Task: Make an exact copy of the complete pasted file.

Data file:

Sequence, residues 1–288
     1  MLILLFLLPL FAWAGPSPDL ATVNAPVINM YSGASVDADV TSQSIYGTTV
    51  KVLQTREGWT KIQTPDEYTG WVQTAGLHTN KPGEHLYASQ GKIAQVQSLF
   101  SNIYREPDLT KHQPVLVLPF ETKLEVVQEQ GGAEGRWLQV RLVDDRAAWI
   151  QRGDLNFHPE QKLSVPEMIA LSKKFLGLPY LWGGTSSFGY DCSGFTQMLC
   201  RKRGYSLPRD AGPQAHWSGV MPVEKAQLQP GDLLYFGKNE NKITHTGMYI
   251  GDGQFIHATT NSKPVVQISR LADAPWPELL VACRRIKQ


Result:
Sequence, residues 1–288
     1  MLILLFLLPL FAWAGPSPDL ATVNAPVINM YSGASVDADV TSQSIYGTTV
    51  KVLQTREGWT KIQTPDEYTG WVQTAGLHTN KPGEHLYASQ GKIAQVQSLF
   101  SNIYREPDLT KHQPVLVLPF ETKLEVVQEQ GGAEGRWLQV RLVDDRAAWI
   151  QRGDLNFHPE QKLSVPEMIA LSKKFLGLPY LWGGTSSFGY DCSGFTQMLC
   201  RKRGYSLPRD AGPQAHWSGV MPVEKAQLQP GDLLYFGKNE NKITHTGMYI
   251  GDGQFIHATT NSKPVVQISR LADAPWPELL VACRRIKQ